Teddy Cahill: I’m not good at predicting our farm rankings and it’s not something I’m particularly involved in. Generally, however, without high-end prospects, it’s hard to have a top-half farm system. So when the rankings come out, I think you’ll see Cleveland in the 20s. But I think the group of prospects the Indians have in the lower levels is very exciting. I don’t want to say it’s unrivaled, because it isn’t, but I think if you lined up every team’s prospects in low A and below, Cleveland would come out much, much better.

JR (Dayton): 

    What does the scouting report for OU Bobcats legend Mitch Longo look like? Could he have a chance in the near future?

Teddy Cahill: I think that’s actually Mayfield Wildcats legend Mitch Longo (Cleveland high school baseball represent). He’s an intriguing player with a pretty good feel for hitting. But he faces a tough profile because he doesn’t have big power and he doesn’t run well enough for center field. I’m very interested to see how he does this year in Akron.

Johnny (Cleveland): 

    Another question regarding Mercado: That was a really interesting trade at the deadline as a rare prospect for prospect deal. The Cards gave up Mercado, a pretty much big league ready OF and gained Torres and Capel, both a little farther away but not on the 40 man and possibly higher ceilings. Where would those guys have ended up were they still with Cleveland? Could this be a trade that turns out pretty badly for the Indians if one or both of Torres and Capel reach their potential?

Teddy Cahill: Capel is interesting, but probably a tweener outfielder. Capel last year ranked No. 15 in Cleveland and probably would be in about the same spot. Torres probably finds a home somewhere in the teens, given the reports we had this summer. I don’t think anyone will regret this trade when it’s all said and done, but it’s certainly possible. But that’s true any time there’s a trade.

Warren (New London): 

    Raynel Delgado got off to a great start in the Arizona League, but faded in August. Do you think he was tiring, or just finding his true level? What position do you see him settling in at, or does he profile best as a multiple position guy?

Teddy Cahill: I think he was a high school player making his professional debut and we shoulnd’t worry about what he did this summer. But, yes, he wore down late in the season. As a Florida prep product, he’d been playing since January and needs to get stronger, an area that the Indians are already working with him on. His tools play on the left side of the infield. We’ll see whether that’s SS or 3B, but he’s an intriguing player either way.

DH (PA): 

    How many of these guys are top 100

Teddy Cahill: As I say every year, my opinion only counts for so much with regards to the top 100. It’s a collaborative process, so just because I think X number of these guys should be on the top 100, it matters what the rest of the staff thinks. That said, McKenzie is a lock and I think Jones makes it. I’d rank Freeman and Naylor and would consider Valera and Hentges, but I don’t think the rest of the office would agree with me on that.

Moe (Chicago): 

    What are your thoughts: should the Indians go all-in and trade some of their top prospects in order to make one last push to the World Series? There’s talk that they might start trading away and doing a semi-rebuild. Could they dangle McKenzie as bait and get the final pieces to make a deep post-season run?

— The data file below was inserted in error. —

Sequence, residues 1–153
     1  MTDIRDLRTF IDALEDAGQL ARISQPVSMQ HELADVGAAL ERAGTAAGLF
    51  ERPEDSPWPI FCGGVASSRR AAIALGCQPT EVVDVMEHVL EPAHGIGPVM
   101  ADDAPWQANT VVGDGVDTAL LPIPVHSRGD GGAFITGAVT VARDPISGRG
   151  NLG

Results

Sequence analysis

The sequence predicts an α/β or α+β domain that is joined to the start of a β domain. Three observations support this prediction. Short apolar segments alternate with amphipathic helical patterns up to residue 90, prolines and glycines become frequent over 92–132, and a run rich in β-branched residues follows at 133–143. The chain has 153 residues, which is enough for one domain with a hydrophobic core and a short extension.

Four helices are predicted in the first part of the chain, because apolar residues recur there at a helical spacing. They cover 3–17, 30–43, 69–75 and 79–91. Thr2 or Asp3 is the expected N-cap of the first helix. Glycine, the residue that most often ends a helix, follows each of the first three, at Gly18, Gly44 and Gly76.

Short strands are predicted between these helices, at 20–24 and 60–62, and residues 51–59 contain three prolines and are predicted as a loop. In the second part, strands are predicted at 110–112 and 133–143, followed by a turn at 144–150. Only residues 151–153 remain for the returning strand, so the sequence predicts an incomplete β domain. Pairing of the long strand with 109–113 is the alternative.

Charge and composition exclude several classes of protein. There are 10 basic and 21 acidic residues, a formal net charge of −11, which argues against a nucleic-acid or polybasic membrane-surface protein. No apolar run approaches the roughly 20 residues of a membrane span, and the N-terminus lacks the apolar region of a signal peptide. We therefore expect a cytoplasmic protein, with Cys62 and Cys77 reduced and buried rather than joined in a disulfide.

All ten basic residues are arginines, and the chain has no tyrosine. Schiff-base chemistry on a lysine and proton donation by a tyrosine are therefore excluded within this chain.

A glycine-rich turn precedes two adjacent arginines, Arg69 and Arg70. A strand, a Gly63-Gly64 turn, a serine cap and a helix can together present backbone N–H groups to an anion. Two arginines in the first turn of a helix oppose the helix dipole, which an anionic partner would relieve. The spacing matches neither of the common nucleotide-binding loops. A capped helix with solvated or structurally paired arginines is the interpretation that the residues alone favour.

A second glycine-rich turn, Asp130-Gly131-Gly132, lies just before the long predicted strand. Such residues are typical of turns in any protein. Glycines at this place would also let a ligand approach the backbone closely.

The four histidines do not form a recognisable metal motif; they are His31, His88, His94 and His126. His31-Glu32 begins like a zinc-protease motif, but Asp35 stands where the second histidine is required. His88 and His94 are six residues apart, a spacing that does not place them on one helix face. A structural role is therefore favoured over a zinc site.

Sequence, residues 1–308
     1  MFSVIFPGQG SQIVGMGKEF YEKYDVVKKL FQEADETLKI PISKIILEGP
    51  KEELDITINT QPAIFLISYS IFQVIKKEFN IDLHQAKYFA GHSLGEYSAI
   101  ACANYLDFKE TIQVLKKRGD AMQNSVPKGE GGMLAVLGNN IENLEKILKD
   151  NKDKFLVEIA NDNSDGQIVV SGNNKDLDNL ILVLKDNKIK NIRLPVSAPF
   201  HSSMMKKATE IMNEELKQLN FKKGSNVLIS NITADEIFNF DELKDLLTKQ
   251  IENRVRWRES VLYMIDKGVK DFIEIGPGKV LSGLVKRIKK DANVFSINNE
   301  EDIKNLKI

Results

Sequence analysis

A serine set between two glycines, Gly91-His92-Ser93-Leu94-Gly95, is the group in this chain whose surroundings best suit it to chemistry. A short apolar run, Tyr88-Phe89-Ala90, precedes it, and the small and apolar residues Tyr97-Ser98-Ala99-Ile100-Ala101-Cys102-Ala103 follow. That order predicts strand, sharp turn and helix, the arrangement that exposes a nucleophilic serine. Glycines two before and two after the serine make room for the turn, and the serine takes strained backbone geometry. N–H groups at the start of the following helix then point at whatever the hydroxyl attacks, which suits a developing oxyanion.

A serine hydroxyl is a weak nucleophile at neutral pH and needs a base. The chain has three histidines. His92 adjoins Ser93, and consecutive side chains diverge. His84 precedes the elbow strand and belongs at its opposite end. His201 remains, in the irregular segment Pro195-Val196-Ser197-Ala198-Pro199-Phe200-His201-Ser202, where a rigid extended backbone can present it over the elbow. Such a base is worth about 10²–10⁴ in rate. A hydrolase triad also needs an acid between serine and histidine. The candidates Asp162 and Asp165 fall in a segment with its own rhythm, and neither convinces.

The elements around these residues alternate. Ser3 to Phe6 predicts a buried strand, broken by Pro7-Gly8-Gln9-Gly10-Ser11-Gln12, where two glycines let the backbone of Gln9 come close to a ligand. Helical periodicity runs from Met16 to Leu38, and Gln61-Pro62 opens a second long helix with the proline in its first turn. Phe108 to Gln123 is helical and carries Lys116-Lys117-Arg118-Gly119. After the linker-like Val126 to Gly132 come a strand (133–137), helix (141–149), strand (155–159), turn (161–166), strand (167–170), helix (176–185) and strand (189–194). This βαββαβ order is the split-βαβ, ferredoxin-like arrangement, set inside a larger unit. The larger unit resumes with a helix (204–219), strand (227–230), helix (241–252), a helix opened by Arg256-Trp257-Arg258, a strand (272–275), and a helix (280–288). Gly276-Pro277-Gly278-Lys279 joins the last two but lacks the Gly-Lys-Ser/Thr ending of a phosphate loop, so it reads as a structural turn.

Teddy Cahill: The talk about the Indians making trades confuses me a lot. Not because they won’t this winter but because they have gone into every offseason at least for the last decade in a mode where they’ll listen to offers. That’s what they do. Cleveland is a smaller market and this is a creative front office. So if someone steps up with a huge offer for Carrasco or Kluber, of course they’ll consider it. But I don’t think they’re out they’re looking to unload them for just anything. So I don’t think the question should be should they go all in on 2019 or blow this team up. That’s not the decision they’re trying to make. I, personally, would not trade McKenzie in just about any deal. I don’t think the Indians can afford to make moves like that. Top-end pitchers are too expensive, so if you can develop your own, that’s massively valuable. But if there was a way to get an affordable, controllable outfielder (I don’t even know who I’m describing here), the Indians should explore such a move.

Elliot (Youngstown OH): 

    Another impressive Arizona pitcher: Tahnaj Thomas, 2 questions? How impressive? And how do pronounce that?

Teddy Cahill: I’m terrible at writing pronunciations, but it’s TA-nahj. And, yes, he’s impressive. He’s raw because he came to pitching a little late but the stuff is real. He’s got mid 90s fastball, tightened up his breaking ball and is very athletic. He’s one to keep an eye on.

Elliot (Youngstown OH): 

    Can’t do a Raynel Delgado question without one on Richie Palacios. Like a lot of this year’s draftees he moved through several levels. What’s his ceiling and what’s his ultimate position?

Teddy Cahill: I don’t think they’re particularly similar. Palacios has good hittability, impressive bat speed and is a plus runner, but he’s not going to play on the left side of the infield. He’s worked on his defense and maybe he’s a second baseman, but I think he probably will end up in the outfield.

Elliot (Youngstown OH): 

    These team chats are the highlight of the offseason. Once we’re done today, I take a baseball break until Pitchers and Catchers arrive in 3 months. Thanks. These are great.

Teddy Cahill: Thank you Elliott and all of the commenters. It’s always a fun time talking about the Indians’ system. Like I said at the top, it’s a very different looking list as we go into a new era. Pitchers and catchers seem like a long way off now and the Cleveland winter is never an easy one to get through. But I think the organization is still in a really good spot, especially when you look around the rest of the AL Central. It’ll be interesting to see what the Indians do this winter and if they do work some trades, you know we’ll have full analysis of them here. And if you want the rest of the top 30, along with all of my reports on these players, remember to buy the Prospect Handbook. You can preorder it now here at Baseball America, and if you do, you’ll get it sooner than if you wait for Amazon. Thanks again for all the questions today.